Exactly, I mean, the community is amazing. It's a, it's extremely active to begin with. And it's like I, as a founder, I'm finding it extremely valuable, because I can ask a question, the most random question that me and my co founder has just discussed, and type it in and throw it out there. And you will get immediately people saying things in real time, and then continue and building that discussion on top of it, which is much further better than the survey that you send out there. It's super, super engaging. And I'm Yeah, I love that. But is this me and a founder? I think that's obviously for for learners. It's really about a lot of it is a lot of building connections and connecting with people on, you know, to try and solve similar pains. Yes. Especially when it comes to software engineering, in this case, they are sharing the same things.
Botond Seres 47:25
What are the greatest roadblocks to learning a foreign language? Yes, finding a teacher. And beyond that, actually paying that teacher? So, Ido How does Fluento Compare?
Ido Cohen 47:40
What, what makes them a roadblock? Or? In your opinion, let's address them directly?
Botond Seres 47:44
What makes lack of money a roadblocker?
Ido Cohen 47:49
It's money you're saying? Is it?
Botond Seres 47:51
Oh, yeah. Yeah. So I think that's, that's one of the biggest roadblocks. So I wonder if, in comparison to the teacher, you could get a lot more time out of Fluento? Possibly?
Ido Cohen 48:06
Well, okay, let's, let's address some of the pains. I think Dave also mentioned, you know, someone who had a teacher that understands, you know, that the mistake you're making is something that AI can't do, and he said something about fun as well. So the story behind it is maybe the fact that when I was teaching,actually teaching, the company I worked for built a set of materials, teaching materials that would ideally make all the lessons with any teacher with the same level of quality. And the idea behind it was just a slip, you will build material that would let, will allow the teacher just look at the page and read out whatever the question or the answer is, and without having to think about it. It's like maintaining high quality at a scale. And by on I guess, in theory, it sounds like a great idea. But the reality is that we discovered that what trans…what, you know, what, get what we want to say, what keeps users engaged is not just the material, but the experience and the teacher. So a teacher who's boring, and doesn't have the ability to actually get people engaged. It doesn't matter how good the book is. It's not gonna work, people confirm.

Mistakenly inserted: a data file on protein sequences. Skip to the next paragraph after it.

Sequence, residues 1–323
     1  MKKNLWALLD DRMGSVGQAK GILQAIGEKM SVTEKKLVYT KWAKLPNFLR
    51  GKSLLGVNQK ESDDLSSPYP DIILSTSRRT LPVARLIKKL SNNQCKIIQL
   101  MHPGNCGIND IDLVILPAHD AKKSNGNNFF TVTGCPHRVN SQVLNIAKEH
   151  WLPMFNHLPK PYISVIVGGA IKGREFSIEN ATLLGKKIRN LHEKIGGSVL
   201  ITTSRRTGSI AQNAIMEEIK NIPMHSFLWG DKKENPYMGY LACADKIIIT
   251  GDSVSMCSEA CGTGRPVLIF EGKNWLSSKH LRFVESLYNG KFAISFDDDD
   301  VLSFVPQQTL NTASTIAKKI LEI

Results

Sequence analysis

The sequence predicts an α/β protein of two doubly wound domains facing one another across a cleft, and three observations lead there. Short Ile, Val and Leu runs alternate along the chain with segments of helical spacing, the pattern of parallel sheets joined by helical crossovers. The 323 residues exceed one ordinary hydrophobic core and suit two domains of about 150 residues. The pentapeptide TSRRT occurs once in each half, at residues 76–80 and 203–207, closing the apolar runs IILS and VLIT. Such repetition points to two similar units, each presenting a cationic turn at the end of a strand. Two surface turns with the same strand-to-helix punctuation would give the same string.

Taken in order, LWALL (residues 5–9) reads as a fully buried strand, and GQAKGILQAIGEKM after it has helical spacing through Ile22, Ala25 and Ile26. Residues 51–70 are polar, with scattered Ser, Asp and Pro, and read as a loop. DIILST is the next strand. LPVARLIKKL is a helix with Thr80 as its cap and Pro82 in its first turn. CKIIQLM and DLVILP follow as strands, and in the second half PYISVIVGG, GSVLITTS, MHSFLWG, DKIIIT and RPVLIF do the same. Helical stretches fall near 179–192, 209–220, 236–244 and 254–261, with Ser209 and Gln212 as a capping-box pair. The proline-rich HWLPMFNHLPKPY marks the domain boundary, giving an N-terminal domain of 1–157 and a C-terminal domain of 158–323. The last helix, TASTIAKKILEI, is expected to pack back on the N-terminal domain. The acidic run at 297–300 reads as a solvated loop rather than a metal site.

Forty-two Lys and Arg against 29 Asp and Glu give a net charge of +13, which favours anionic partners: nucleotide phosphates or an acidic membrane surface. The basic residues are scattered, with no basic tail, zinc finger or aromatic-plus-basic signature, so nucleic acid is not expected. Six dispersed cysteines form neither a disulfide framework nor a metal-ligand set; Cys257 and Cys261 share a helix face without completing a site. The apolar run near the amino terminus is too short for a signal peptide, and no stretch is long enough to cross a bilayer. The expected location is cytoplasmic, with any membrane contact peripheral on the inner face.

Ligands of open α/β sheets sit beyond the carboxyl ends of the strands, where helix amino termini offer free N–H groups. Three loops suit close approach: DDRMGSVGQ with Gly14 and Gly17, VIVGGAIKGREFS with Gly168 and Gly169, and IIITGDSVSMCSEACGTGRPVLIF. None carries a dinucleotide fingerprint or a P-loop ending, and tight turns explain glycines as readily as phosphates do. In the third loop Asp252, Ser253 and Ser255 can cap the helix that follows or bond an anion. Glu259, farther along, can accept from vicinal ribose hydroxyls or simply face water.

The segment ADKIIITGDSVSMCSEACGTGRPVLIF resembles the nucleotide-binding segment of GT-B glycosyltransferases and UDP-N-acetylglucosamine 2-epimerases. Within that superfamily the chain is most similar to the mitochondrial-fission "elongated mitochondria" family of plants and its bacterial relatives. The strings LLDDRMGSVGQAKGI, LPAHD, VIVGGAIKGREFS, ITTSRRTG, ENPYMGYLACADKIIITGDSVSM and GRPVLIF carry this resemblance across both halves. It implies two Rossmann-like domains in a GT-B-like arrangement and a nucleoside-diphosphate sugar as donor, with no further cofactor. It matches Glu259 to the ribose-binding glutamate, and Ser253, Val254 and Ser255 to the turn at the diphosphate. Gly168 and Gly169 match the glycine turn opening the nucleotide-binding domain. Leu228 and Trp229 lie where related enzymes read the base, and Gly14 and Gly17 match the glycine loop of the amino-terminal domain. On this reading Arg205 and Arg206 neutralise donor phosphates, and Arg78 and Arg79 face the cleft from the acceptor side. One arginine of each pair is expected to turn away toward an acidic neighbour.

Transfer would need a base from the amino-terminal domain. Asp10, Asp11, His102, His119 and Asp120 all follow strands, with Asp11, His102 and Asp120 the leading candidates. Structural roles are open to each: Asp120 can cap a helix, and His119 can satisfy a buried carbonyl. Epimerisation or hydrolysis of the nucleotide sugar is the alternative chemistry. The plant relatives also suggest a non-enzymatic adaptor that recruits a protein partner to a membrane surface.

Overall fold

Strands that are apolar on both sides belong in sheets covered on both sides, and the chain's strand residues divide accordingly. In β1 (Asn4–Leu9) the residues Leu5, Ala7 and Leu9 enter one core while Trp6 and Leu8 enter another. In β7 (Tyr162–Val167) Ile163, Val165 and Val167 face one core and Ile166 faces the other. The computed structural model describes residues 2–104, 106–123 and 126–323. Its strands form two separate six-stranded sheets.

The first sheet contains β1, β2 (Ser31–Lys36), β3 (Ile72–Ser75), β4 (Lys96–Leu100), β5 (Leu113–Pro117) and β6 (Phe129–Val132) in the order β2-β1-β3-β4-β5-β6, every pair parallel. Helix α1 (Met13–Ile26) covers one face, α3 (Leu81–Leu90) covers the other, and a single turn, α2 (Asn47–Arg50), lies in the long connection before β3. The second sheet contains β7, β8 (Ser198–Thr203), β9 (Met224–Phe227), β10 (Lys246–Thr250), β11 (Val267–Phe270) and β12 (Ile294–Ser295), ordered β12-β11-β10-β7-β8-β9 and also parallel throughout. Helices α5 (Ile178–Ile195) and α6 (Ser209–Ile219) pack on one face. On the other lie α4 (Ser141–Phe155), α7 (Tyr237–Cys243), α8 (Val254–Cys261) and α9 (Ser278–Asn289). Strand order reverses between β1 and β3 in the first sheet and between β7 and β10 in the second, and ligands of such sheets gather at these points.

I can confirm it.
Fair enough. And if it's a teacher who’s fun and like, you know, fast paced and funny can get better results than the best book. Why? Because people you know, they're looking forward to being in the lesson. And, and so, like part of it is, is something that guides us in building in Fluentol. What do I mean by that? Well, first is it's, it's, it's making sure like working on a fun, engaging experience. It's for us. It's mimicking immersion. I'm simplifying it. But of course, it's about making it,making sure it's fast paced, mimicking immersion by getting you to a point where, you unless you speak about it, you're not going to achieve goals gamifying it? Anything that could make it fun, right? Roller Coaster? Roller Coaster? But the second part is, like, how do you actually get a good teacher? And this is where I think Fluento excels. It's, uh, you know, if you wanted to find an English teacher that will teach you how to do software engineering very well, well, we'll speak about software engineering, I don't know where you can get that. I mean, it, you might, I am.
Botond Seres 50:51